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A one-year-old girl presented with a one-month history of a light patch over her right buttock. There was no preceding rash. The lesion had not increased in size and was asymptomatic with no associated pruritus or discomfort. The patient had been otherwise healthy with no medical problems. No similar lesions had been noted elsewhere on the body. Examination revealed a well-circumscribed hypopigmented patch over the right buttock. There was no hyperpigmented border, scaling, or erythema associated with the lesion.
A 13-year-old girl presented with progressive lightening of the skin on her knees, fingers, and ankles. The light areas were asymptomatic, and she had never experienced similar lesions in the past. She reported no heat or cold intolerance, weight change, weakness, fatigue, or other systemic symptoms. The patient’s father also had similar light patches on his hands. On examination, depigmented patches were noted over the patient’s fingers, ankles, and knees with a few islands of normally pigmented skin remaining in the largest patches over the knees.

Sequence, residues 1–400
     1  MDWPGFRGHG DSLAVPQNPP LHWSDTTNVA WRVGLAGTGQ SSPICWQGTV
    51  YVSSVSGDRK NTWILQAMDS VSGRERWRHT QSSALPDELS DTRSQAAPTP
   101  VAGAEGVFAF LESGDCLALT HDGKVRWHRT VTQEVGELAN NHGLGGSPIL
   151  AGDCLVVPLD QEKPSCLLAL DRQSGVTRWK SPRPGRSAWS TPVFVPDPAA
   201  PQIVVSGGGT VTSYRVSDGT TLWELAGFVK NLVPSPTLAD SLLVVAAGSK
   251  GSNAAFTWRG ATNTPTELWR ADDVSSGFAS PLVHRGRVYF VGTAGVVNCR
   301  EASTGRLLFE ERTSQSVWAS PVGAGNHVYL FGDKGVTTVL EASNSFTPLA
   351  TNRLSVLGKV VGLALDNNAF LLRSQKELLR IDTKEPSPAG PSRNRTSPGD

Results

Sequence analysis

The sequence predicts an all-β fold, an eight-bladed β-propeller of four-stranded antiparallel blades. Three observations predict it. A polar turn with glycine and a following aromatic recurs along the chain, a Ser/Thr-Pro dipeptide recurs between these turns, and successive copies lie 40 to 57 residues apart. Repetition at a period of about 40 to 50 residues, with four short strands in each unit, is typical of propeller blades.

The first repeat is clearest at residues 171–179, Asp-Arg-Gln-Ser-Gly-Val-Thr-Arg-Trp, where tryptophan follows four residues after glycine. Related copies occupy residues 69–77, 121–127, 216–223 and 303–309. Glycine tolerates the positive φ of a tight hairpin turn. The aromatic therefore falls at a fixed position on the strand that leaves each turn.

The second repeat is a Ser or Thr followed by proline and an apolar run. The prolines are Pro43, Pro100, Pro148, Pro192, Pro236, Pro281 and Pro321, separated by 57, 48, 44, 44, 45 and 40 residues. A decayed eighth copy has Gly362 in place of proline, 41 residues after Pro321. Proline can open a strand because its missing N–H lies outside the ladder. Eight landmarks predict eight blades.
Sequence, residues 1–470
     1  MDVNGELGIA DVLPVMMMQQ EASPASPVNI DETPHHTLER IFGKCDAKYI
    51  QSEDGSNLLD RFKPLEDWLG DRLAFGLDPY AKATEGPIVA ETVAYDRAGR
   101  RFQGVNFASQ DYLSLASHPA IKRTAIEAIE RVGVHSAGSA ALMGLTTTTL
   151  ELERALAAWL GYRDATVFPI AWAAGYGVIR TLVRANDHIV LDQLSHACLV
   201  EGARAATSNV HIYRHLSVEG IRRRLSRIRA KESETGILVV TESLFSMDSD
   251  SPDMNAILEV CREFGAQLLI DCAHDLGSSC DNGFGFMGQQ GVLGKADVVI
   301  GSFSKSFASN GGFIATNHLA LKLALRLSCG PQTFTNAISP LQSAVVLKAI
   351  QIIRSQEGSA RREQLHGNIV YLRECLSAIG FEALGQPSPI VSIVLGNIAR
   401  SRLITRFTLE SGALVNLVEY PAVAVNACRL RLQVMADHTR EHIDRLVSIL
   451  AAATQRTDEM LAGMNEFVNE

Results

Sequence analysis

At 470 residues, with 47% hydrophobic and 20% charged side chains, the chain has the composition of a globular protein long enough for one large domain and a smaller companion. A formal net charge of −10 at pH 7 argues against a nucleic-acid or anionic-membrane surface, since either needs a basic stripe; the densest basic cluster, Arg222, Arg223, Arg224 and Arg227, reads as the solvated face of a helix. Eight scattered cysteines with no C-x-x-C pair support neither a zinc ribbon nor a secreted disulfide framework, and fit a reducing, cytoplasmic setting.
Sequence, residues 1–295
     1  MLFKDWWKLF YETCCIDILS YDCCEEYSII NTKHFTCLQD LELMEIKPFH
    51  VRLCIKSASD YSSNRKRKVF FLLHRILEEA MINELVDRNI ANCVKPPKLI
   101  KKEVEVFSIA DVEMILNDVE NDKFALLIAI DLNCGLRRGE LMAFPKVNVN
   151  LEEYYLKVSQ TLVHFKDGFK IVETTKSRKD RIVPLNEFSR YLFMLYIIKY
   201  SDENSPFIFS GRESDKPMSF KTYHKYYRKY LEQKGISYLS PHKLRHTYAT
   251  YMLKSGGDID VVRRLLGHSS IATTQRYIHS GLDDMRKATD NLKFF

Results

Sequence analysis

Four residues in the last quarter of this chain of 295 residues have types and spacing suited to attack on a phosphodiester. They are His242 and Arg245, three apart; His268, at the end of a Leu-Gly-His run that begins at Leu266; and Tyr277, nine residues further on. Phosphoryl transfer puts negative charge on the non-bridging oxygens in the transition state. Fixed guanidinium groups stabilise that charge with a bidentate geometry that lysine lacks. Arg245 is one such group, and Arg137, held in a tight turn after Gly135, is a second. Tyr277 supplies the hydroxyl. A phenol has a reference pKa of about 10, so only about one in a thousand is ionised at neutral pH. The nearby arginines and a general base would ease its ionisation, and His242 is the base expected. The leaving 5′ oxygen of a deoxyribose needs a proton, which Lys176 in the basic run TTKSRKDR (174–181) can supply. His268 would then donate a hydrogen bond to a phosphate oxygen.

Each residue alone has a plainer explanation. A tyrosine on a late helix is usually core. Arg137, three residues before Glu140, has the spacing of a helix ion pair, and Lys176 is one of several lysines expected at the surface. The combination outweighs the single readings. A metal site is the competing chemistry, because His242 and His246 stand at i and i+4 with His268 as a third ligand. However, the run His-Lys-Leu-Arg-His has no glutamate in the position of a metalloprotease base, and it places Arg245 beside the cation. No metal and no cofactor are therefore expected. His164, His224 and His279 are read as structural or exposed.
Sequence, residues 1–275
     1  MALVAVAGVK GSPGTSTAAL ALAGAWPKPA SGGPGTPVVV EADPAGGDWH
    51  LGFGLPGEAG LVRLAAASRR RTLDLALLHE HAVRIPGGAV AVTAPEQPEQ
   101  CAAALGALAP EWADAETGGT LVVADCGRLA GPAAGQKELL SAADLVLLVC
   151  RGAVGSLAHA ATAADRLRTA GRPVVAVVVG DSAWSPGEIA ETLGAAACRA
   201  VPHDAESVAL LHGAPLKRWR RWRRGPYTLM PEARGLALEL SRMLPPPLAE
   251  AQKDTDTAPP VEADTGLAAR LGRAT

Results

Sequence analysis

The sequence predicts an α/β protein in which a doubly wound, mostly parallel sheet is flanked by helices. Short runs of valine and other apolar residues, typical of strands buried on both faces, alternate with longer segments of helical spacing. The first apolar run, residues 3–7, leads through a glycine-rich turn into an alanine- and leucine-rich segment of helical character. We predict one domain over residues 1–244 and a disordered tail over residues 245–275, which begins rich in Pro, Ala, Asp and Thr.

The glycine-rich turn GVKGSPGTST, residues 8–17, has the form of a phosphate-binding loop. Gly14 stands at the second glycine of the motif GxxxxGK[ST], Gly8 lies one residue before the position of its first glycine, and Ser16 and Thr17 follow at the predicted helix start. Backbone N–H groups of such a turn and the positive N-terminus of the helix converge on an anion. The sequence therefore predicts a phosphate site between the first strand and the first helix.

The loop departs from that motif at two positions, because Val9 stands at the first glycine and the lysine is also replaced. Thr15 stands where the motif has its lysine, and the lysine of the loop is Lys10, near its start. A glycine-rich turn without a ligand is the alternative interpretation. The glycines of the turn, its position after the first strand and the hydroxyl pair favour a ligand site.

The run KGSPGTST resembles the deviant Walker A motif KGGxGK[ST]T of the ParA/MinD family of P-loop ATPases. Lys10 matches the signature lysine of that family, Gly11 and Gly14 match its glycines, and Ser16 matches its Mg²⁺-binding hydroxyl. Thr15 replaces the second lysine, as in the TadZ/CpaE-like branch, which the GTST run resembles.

What is the diagnosis?
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